Vampire: The Masquerade – Coteries of New York

Platform(s): Nintendo Switch, PC, PlayStation 4, Xbox One
Genre: Action/Adventure
Developer: Draw Distance
Release Date: Dec. 11, 2019

About Lauren "Feffy" Hall

I am a freelance writer based in Canada, where it's too cold to go outside; therefore, we play a lot of video games. I'm an expert zombie slayer (the virtual kind), amateur archer (for actual zombie slaying and general apocalypse purposes - it could happen), and a work-in-progress wife and mother (IRL). My claim to fame: I completed the original MYST without looking up cheats. It took several years. What other accomplishments does one need in life?


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PC Review - 'Vampire: The Masquerade - Coteries of New York'

by Lauren "Feffy" Hall on Feb. 3, 2020 @ 12:00 a.m. PST

Vampire: The Masquerade – Coteries of New York is a unique, atmospheric, single-player narrative experience, set in the rich, fully licensed, globally recognized universe of Vampire: The Masquerade 5th Edition.

As regular ol' human beings who don't generally wander around in a fog of bloodlust, we've found the idea of vampires to be intriguing long before RPGs were ever a "thing." Vampire: The Masquerade - Coteries of New York, the single-player, text-driven RPG by Draw Distance based heavily on the world created by White Wolf's '90s tabletop RPG, Vampire: The Masquerade, isn't the first game of its kind, and it won't be the last. Fans of the franchise worldwide have enjoyed the traditional RPG since 2004, and the dizzying craze will continue with its much-anticipated successor, Vampire: The Masquerade – Bloodlines 2, which is due to be released this year. We'll also see Werewolf: The Apocalypse – Earthblood and Vampire: The Masquerade – Swansong released later this year. Unlike many other exciting RPG games of the genre that are on the horizon, the lure of this ever-expanding vampire obsession lies not in fancy graphics or exciting combat, but rather, in the story itself.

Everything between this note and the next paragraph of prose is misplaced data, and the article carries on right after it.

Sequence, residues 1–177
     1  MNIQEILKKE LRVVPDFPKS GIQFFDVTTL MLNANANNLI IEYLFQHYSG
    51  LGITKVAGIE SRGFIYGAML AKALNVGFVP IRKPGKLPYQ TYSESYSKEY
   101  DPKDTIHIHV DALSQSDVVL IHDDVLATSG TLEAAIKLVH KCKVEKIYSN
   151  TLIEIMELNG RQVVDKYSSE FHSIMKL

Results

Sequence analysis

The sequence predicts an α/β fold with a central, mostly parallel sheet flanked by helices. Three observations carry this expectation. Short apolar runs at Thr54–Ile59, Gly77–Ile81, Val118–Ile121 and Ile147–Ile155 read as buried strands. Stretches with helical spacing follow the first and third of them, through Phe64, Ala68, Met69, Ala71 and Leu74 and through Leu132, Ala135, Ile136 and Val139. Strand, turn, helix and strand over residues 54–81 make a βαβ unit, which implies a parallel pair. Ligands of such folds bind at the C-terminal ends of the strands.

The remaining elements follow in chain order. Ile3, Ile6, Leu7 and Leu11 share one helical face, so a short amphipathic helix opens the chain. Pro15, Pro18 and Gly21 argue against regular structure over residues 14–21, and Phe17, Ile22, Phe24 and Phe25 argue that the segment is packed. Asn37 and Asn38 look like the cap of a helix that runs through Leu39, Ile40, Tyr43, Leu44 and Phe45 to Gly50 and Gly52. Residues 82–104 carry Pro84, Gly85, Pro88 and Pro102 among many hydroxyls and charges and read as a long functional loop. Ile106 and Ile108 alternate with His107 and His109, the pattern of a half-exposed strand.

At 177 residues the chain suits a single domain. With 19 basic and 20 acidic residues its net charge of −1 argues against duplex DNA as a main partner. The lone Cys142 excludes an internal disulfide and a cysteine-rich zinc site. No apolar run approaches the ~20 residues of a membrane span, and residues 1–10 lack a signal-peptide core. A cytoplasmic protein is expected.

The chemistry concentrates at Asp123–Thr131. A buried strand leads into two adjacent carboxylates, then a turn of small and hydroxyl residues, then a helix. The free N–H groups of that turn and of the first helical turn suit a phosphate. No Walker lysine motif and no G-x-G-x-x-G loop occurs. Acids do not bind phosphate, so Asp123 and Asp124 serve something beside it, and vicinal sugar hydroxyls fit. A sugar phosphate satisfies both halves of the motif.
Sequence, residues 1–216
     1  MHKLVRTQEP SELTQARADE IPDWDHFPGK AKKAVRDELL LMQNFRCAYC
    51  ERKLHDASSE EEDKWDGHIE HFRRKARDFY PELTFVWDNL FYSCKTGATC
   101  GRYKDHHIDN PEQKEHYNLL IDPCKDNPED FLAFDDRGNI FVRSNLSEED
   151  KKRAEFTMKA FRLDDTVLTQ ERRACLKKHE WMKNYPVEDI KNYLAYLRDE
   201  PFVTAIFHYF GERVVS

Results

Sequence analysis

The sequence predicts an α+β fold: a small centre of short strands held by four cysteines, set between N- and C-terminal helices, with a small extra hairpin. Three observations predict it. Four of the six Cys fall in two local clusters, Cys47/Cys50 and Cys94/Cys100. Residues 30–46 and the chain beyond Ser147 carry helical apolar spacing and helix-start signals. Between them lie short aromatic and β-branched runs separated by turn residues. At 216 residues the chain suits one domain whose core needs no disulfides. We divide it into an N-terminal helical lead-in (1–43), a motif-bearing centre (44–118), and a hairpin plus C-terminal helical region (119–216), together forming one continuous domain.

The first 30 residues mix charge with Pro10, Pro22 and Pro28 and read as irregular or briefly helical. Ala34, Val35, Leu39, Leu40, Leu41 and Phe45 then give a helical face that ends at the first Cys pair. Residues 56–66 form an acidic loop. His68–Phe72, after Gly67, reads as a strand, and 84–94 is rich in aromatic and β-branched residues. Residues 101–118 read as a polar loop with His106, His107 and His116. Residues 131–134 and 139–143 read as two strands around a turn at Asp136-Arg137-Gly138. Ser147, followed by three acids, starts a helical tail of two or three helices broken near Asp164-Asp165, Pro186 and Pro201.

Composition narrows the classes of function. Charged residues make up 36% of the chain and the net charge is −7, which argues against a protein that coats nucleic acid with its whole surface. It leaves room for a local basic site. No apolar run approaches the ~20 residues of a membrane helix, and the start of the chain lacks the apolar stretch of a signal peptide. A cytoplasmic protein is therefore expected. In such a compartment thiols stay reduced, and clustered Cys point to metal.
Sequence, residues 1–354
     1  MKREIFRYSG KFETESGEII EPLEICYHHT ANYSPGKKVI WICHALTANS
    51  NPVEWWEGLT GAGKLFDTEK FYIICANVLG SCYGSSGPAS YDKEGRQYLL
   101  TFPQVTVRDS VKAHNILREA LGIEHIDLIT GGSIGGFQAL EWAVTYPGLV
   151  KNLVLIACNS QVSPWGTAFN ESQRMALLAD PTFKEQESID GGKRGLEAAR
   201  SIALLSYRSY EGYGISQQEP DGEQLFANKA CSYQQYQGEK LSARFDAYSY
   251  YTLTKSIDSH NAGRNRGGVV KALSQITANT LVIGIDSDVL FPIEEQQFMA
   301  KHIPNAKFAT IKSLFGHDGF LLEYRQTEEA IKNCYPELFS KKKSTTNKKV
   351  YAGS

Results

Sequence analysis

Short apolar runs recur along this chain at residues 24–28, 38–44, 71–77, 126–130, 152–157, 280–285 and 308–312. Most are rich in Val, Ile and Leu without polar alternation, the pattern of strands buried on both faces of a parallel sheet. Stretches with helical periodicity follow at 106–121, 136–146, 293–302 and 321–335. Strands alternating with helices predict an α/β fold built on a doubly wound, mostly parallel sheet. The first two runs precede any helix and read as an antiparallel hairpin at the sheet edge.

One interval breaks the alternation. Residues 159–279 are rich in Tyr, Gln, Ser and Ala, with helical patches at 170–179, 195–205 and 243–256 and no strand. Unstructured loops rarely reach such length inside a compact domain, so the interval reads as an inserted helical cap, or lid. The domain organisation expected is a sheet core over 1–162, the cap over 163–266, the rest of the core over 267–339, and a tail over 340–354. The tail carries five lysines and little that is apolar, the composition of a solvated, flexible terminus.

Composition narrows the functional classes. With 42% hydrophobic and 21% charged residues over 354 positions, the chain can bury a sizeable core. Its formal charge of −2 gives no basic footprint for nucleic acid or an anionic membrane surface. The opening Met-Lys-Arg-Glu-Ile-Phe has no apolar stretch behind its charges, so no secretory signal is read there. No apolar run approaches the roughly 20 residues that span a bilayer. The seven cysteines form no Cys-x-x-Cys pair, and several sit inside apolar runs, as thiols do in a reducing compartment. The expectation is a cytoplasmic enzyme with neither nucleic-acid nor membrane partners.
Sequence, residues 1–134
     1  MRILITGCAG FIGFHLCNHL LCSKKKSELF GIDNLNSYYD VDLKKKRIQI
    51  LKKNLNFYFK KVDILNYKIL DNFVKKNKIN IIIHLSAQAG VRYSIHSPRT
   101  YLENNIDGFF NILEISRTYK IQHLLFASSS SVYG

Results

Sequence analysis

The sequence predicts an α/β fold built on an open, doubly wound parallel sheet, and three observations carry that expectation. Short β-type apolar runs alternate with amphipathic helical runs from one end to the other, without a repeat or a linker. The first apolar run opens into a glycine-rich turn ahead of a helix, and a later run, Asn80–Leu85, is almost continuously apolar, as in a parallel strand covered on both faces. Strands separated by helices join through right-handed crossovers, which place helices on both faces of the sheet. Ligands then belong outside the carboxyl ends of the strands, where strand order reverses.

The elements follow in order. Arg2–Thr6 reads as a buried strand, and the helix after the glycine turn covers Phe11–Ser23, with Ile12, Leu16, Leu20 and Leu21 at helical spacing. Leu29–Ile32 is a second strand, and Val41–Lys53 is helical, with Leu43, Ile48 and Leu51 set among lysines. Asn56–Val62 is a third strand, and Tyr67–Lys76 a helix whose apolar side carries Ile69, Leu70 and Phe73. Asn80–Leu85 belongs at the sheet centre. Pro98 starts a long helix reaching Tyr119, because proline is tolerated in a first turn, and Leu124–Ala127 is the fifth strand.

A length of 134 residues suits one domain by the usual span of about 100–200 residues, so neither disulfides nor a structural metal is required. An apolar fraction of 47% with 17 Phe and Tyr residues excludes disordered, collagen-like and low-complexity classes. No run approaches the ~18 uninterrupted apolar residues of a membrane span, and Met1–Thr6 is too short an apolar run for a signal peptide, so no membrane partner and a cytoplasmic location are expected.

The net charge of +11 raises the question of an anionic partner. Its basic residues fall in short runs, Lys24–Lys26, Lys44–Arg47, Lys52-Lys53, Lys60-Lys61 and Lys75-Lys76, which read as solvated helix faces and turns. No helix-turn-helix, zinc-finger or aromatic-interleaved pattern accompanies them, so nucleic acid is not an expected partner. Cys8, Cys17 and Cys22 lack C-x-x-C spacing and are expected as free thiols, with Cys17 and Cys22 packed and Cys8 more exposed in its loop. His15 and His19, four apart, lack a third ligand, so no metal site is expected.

And what a story. In Coteries, a text-driven visual novel that's rich in seduction and political intrigue, you begin by choosing one of three characters, each from different clans: Brujah, Toreador, or Ventrue. Each choice comes with special powers, called "disciplines," as well as diverse ethical responses and dialogue options that make each character's gameplay unique. For my playthrough, I chose the career-ambitious Amanda from clan Ventrue, who finds herself in a strange place one morning after a fuzzy business meeting that she has no real memory of, with a new and intoxicating hunger for human blood.

Poor, unsuspecting Amanda. It's not her fault; weak humans are no match for the seduction and charm of vampires, and it's really going to be a rough journey as a newborn fledgling. The story takes off from there: no cheesy tutorial or hand-holding.

The lack of a gameplay tutorial works out just fine because, well … what gameplay? Beyond the occasional dialogue tree, which is not unlike any other text-driven RPG, and opportunities to use your skills, there really isn't any gameplay to speak of. Simply put, there is just an awful lot of left-clicking. In Coteries, the story is the game, so you can sit back and enjoy the ride as the artistry and storytelling unfold before you like a dark, blood-drenched graphic novel.

As in many adventure games, the majority of what you do to progress the storyline is to simply read and make the occasional choice. The lack of an in-game save option makes this frustrating at times, since you can't go back and make a different choice to see how that alters the story. For some reason, your only way of saving your progress is to "save and quit," even though you have been provided up to three save slots. Presumably, you are given those slots to save one game per character choice, which is great, but an in-game save option would also allow you to test the waters and try out different responses or actions, giving you a chance to really sink your teeth into the plot. Despite this lack of player control, the game is chock full of charm and beauty, so I didn't feel like it was a deal-breaker.

Set in beautiful, mysterious New York City after nightfall, the dream-like art and ambient music in Coteries sets the tone for your new, bizarre social circle, which consists of an eclectic mix of secret clubs, shady thugs, high-class socialites, and various intellectuals. Everything and everyone operates stealthily in the shadows, keeping their true identity secret from the unsuspecting world around them, and you are expected to follow suit. It becomes clear fairly early in your new life that you are a useful, albeit expendable, pawn in the Camarilla, the ruling body whose main goal is to preserve the "masquerade." In simplest terms, preserving the masquerade means doing everything possible to keep the existence of vampires a secret from the rest of the world. This means that you have to be selective, not only in your dialogue options, but also in your feeding opportunities and when using your skills. It's all too easy to annoy the wrong people in this game, and being an outcast in the vampire world is pretty much a death sentence.